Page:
Fox News host Eric Bolling appears on “The Five” television program, on the Fox News Channel, in New York. (AP Photo/Richard Drew)

Fox News host Eric Bolling filed a $50 million defamation lawsuit Wednesday against a freelance journalist who reported that Bolling had sent lewd texts to female colleagues at the network.

Yashar Ali wrote in HuffPost last week that Bolling, co-host of the weekday program “The Fox News Specialists,” had texted an unsolicited photo of male genitalia to at least two co-workers at Fox Business and one at Fox News. Citing a dozen anonymous sources, Ali reported that Bolling had sent the messages several years ago on separate occasions and that four people other than the recipients had seen the photo.

Fox said in a statement on Saturday that it had suspended Bolling from the network “pending the results of an investigation, which is currently underway.”

In a summons filed Wednesday in New York state court, Bolling accused Ali of trying to damage his reputation through “highly reckless publication of actionable false and misleading statements about the plaintiff’s conduct and character.”

“As a result of the defendant’s actions, the plaintiff has been substantially harmed,” the summons read.

HuffPost was not named as a defendant in the lawsuit.

Bolling, 54, is being represented by the law firm Kasowitz Benson Torres, whose founder, Marc E. Kasowitz, is a longtime personal lawyer for President Trump. Until recently, he had a lead role on the legal team representing Trump in the investigations into Russian meddling in the 2016 election.

Bolling’s attorney, Michael J. Bowe, didn’t immediately respond to a message seeking comment late Wednesday. He addressed the allegations in Ali’s story in a statement last week, saying: “Mr. Bolling recalls no such inappropriate communications, does not believe he sent any such communications, and will vigorously pursue his legal remedies for any false and defamatory accusations that are made.”

In a tweet Wednesday afternoon, Bolling thanked his supporters and said he would “continue to fight against these false smear attacks.”

Ali, who also writes for New York magazine and the Daily Beast, acknowledged Bolling’s lawsuit and defended his article in a series of tweets Wednesday evening.

“I stand by my reporting and will protect my sources,” Ali said. “Not going to stop reporting on Eric Bolling or anyone else.”

Fox News has been consumed by allegations of sexual misconduct against several of its male employees since last summer, when former “Fox & Friends” host Gretchen Carlson filed a lawsuit accusing the network’s late founder Roger Ailes of sexual harassment. Ailes was forced out of his role as chairman and settled with Carlson for $20 million shortly after.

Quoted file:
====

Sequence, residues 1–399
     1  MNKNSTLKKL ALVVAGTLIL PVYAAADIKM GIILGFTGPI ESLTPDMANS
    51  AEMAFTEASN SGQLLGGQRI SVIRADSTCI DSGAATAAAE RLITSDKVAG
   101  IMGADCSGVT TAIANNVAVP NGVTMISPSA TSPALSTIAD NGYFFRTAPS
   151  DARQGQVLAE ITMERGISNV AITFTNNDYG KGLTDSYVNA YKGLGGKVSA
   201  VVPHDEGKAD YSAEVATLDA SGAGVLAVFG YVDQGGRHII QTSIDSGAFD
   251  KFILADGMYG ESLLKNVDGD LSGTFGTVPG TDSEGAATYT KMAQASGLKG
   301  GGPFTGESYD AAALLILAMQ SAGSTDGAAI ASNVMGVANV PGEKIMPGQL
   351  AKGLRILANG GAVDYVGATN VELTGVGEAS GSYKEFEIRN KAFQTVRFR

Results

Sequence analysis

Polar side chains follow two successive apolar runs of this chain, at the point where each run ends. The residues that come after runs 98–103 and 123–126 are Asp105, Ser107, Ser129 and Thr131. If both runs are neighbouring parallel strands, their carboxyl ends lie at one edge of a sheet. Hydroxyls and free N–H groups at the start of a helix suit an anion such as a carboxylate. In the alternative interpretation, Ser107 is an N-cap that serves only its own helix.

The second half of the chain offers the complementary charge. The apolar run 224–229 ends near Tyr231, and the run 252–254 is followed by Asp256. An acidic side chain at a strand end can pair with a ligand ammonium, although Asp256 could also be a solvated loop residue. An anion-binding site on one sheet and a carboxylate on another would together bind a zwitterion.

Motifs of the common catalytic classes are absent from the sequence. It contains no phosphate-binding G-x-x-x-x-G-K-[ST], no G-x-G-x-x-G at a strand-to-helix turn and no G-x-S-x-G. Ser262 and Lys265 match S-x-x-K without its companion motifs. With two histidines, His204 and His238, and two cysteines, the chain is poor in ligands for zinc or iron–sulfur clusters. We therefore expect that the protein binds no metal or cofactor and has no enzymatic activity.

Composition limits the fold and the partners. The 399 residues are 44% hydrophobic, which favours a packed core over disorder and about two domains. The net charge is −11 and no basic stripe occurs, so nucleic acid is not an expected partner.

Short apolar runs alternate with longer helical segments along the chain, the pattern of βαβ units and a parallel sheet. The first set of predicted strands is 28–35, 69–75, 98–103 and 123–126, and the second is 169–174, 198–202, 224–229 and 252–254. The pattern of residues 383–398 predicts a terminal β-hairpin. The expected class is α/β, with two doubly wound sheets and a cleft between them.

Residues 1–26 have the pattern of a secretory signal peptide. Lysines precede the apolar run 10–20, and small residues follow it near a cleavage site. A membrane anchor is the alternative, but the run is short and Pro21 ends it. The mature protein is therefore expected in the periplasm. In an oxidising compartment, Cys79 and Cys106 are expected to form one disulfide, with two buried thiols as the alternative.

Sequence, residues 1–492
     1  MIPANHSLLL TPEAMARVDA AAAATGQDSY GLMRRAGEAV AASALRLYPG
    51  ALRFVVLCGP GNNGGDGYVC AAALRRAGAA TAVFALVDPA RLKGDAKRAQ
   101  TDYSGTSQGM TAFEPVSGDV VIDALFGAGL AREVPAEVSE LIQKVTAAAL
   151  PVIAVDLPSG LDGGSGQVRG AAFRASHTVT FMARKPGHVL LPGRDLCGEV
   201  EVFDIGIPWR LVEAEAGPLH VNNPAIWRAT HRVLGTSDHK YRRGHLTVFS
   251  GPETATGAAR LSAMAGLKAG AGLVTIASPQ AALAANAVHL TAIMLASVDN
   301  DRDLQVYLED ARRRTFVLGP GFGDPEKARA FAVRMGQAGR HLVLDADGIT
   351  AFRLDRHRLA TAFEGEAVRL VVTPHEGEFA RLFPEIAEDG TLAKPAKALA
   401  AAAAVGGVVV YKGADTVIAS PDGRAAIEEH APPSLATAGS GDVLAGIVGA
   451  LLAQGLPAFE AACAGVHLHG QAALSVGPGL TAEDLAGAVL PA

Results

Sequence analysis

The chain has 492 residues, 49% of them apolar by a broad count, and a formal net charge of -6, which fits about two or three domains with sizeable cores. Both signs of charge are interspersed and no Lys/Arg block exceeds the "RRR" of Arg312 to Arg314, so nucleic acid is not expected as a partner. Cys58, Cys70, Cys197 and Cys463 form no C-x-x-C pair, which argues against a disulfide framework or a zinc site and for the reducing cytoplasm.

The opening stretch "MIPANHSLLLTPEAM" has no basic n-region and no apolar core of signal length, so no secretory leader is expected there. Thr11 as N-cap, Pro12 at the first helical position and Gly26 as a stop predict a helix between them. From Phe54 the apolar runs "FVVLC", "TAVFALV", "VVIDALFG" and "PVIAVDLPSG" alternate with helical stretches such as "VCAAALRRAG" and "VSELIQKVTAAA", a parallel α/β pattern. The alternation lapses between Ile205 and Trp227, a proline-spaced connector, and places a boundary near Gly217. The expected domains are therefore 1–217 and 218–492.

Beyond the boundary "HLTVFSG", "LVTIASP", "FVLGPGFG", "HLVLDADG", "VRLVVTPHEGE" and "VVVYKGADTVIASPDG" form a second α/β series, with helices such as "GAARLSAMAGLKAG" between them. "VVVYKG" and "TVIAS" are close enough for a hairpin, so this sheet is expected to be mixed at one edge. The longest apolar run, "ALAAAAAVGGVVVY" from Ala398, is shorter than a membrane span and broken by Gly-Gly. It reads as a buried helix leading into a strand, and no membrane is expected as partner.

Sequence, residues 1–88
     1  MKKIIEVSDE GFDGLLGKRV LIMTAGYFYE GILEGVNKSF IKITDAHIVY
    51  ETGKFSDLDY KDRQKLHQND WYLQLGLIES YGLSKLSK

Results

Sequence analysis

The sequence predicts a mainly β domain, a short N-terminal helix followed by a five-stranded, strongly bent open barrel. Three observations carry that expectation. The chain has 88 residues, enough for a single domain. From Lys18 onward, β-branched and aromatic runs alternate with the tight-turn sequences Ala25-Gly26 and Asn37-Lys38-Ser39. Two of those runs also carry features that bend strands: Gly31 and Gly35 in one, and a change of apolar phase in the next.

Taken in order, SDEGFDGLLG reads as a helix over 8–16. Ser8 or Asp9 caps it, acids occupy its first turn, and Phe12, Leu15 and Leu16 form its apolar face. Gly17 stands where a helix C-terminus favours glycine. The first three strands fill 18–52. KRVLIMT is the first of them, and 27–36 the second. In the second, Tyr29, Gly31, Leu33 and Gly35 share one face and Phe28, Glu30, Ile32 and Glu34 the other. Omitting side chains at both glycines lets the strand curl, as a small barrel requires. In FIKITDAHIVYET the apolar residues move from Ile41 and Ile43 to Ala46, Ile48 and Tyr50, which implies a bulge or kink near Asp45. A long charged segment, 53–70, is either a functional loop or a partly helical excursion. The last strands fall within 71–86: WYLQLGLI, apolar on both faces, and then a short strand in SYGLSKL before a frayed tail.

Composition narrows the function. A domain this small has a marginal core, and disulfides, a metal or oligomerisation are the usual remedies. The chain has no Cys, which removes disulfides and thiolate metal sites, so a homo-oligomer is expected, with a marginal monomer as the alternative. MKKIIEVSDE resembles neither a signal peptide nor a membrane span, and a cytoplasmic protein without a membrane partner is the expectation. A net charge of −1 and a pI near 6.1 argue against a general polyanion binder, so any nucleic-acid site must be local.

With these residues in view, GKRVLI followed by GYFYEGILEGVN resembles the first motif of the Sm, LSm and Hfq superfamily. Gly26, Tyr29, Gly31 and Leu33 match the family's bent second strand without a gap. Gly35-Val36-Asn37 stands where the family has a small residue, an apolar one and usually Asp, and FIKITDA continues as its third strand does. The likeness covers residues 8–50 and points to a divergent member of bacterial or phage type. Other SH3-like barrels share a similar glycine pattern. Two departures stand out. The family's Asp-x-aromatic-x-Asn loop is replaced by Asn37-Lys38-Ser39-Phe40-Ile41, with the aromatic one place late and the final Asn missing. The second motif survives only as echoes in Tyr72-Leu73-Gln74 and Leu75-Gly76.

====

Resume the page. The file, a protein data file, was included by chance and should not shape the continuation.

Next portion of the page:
The lawsuit ushered in a wave of complaints from women at the network accusing male Fox executives and anchors of sexually inappropriate behavior. Among them was longtime conservative star Bill O’Reilly, who was ousted from Fox earlier this year after the New York Times revealed that he had settled sexual harassment claims with five women over the past 15 years.

In early July, longtime Fox Business Network host Charles Payne was suspended after a frequent guest on the network accused him of sexual harassment. The Los Angeles Times, citing anonymous sources, reported that the unidentified woman told Fox’s outside lawyers that she was coerced into a sexual relationship with him, then blackballed from the network when she tried to end it. Payne has denied wrongdoing.

Bolling, a former commodities trader and financial adviser, joined Fox in 2007. In addition to hosting “The Fox News Specialists,” he anchors the business analysis program “Cashin’ In.” He was one of several Fox personalities under consideration for roles in the Trump administration, at one point discussing a possible position in the Department of Commerce, as Politico’s Hadas Gold reported. In June, he told NJ.com that he was mulling a run for office, saying, “When the lights go down on my TV career, the next step is running for Senate.”

In his article for HuffPost, Ali noted that Bolling had mercilessly criticized former congressman Anthony Weiner (D-N.Y.) after he became embroiled in a sexting controversy starting in 2013. When Weiner pleaded guilty earlier this year to sending obscene material to an underage girl, Bolling said he was a “sick human being, to continue to do this time and time again.”

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